Furthermore, we continue to notice the divergence from traditional principles that once guided the actions of militant groups. This is increasingly noticeable in the rejection of hierarchies that these groups promote: local leaders who traditionally served as mediators have been sometimes side lined in the conflict resolution process. The struggle has grown increasingly divested from the social structures that birthed it and instead, exists independently of the communal identities that were once the basis of their local legitimacy.

In the place of a valid cause, there is the emergence of disillusioned young people as agitators who fill the political gap left by local leaders deemed fraudulent and unresponsive to local needs. This results in a struggle based on youth anger and rent-seeking rather than progressive ideals capable of reviving communities. The rise and glorification of authoritative figures such as Government Ekpemupolo (also known as ‘Tompolo’), one of the most dreaded, yet influential leaders of the Niger Delta region’s arms struggle, embodies the new form of leadership, direction and strategy that has come to shape the struggle. All of these trends are hidden under an ideology of liberation that runs in contrast to the real-life practice of terror. 

There has been a continuation of the direct and violent action typical of the past decade such as destruction of oil and gas infrastructure, but new measures show that current agitators are willing to expand their terror campaign beyond the typical oil-producing localities. In July 2016, militant groups went so far as to attack communities in Lagos and Ogun state where, according to local media outlets, “multiple sources said many people were killed as the militants entered into people’s houses to torment them”. It is difficult to draw the line between freedom fighters and terror-propagators who spread fear indiscriminately. The responsibility lies with the Government in determining how to respond to new tactics adopted by old threats.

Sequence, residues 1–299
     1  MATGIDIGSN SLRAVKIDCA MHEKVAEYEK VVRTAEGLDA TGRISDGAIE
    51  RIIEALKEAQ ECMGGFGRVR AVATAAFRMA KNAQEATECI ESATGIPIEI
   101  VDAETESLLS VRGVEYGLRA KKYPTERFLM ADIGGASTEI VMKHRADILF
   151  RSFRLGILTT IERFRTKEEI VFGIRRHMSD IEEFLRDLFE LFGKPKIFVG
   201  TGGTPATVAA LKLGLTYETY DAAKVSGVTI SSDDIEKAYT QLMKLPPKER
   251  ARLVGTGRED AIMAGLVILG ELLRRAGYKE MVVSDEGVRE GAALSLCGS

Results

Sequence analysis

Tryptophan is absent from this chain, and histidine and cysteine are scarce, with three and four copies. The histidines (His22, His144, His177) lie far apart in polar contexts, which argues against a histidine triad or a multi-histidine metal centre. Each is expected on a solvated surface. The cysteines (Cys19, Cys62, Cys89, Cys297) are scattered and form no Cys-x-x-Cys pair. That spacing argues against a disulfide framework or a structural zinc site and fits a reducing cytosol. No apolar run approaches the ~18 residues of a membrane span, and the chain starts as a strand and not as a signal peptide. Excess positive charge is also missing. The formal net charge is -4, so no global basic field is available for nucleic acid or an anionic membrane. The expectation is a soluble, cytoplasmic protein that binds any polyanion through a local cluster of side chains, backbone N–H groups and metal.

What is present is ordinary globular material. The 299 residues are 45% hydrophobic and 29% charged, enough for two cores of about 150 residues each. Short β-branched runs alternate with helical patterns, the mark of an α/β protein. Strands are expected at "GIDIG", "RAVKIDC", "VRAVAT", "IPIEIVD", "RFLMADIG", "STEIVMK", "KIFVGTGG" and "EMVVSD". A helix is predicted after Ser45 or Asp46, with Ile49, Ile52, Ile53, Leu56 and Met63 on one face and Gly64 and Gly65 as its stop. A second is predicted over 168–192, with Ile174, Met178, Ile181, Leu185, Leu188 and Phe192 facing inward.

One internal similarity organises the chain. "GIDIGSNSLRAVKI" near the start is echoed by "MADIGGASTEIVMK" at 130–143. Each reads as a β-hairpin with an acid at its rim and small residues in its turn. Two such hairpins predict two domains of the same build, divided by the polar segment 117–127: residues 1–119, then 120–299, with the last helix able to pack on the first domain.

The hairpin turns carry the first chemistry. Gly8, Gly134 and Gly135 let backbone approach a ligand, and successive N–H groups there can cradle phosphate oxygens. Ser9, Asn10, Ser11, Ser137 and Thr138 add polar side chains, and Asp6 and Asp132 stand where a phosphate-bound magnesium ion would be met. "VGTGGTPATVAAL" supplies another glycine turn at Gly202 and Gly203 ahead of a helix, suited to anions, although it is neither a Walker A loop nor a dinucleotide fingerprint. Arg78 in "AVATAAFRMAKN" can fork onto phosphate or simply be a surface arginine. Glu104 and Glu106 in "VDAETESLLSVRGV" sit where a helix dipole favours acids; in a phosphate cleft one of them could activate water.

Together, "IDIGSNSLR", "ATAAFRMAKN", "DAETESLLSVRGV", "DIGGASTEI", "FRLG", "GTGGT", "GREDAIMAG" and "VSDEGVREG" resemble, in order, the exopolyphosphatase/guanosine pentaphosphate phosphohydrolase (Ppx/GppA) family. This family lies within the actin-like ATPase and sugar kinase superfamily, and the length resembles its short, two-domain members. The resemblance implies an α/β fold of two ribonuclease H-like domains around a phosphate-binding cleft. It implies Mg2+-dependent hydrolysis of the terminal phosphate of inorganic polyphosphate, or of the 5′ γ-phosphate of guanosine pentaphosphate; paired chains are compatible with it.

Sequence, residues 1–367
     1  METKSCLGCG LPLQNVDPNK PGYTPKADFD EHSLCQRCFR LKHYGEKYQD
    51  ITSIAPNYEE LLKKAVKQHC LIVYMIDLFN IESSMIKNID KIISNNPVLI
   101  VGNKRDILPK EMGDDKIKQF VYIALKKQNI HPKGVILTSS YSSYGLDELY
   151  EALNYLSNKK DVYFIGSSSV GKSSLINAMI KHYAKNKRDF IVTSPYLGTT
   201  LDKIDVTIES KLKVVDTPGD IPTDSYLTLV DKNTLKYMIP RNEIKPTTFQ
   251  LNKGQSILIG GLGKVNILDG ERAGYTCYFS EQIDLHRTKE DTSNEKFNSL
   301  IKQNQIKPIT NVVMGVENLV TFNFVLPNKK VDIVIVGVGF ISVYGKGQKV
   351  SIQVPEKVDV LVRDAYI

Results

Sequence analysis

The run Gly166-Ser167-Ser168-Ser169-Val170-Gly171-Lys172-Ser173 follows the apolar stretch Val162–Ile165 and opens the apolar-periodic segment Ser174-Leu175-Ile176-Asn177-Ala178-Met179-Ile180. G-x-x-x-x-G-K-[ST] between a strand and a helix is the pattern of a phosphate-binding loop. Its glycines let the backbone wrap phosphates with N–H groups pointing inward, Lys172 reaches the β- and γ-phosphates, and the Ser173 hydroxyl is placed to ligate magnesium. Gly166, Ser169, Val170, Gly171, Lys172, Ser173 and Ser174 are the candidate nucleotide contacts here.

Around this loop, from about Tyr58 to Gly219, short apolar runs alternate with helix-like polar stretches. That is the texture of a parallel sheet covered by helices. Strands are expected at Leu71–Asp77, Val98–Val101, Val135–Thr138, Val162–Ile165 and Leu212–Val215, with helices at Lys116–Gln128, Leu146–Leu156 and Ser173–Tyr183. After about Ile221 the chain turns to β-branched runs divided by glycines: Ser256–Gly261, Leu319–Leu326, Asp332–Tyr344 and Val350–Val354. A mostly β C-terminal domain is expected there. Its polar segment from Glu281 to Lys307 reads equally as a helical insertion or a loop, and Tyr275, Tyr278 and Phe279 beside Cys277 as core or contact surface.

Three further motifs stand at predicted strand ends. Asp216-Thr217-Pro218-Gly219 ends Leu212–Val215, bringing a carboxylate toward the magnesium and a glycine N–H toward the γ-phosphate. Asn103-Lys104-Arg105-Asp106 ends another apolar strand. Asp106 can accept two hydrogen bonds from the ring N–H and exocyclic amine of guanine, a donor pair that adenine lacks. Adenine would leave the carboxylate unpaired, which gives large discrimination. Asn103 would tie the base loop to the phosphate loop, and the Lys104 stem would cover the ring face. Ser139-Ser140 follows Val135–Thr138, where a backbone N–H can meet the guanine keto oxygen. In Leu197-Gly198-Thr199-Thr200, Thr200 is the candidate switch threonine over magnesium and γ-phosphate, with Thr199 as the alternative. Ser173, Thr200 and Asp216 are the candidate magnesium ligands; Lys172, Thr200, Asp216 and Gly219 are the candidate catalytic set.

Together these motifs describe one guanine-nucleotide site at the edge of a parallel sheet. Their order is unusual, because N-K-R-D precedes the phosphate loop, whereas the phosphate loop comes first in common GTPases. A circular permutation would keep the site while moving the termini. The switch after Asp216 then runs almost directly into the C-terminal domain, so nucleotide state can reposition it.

Prior to this attack, a presidential statement confirmed that the government was using proxies to engage and dialogue with NDA members to halt regional damage. It further stated that it would review the Presidential Amnesty Programme (PAP) established in 2009.

The Executive appeared to support a trend of negotiating in the thick of things, taking a reactionary approach to conflict and prioritising quick fixes over long-term development. Quite possibly, this trend is borne of a realisation of the futility of using military force to address the issue, given the geographical peculiarities of the region. Nevertheless, government peace talks, whether directly or indirectly – never seem to successfully resolve the underlying developmental problems.

In August 2016, the Government briefly decided to take a hard-line approach, initiating a military offensive that resulted in over a 100 deaths in the first few weeks. This move appeared more to be a gesture of strength in a period of weakness rather than a calculated and strategic intervention with a clear end-game for the peace of the region. 

So the question now facing Federal leadership is what next? Going by the recent budget, a commitment to increase funding for the Amnesty Programme is the chosen approach. Yet one problem lies in the fact that the Executive is still using old language of militantism and activism to understand and resolve a crisis marked by new threats. 

If anything is certain, this time around, the Executive cannot afford to fail in providing leadership because the cost of failure may reverberate for generations to come.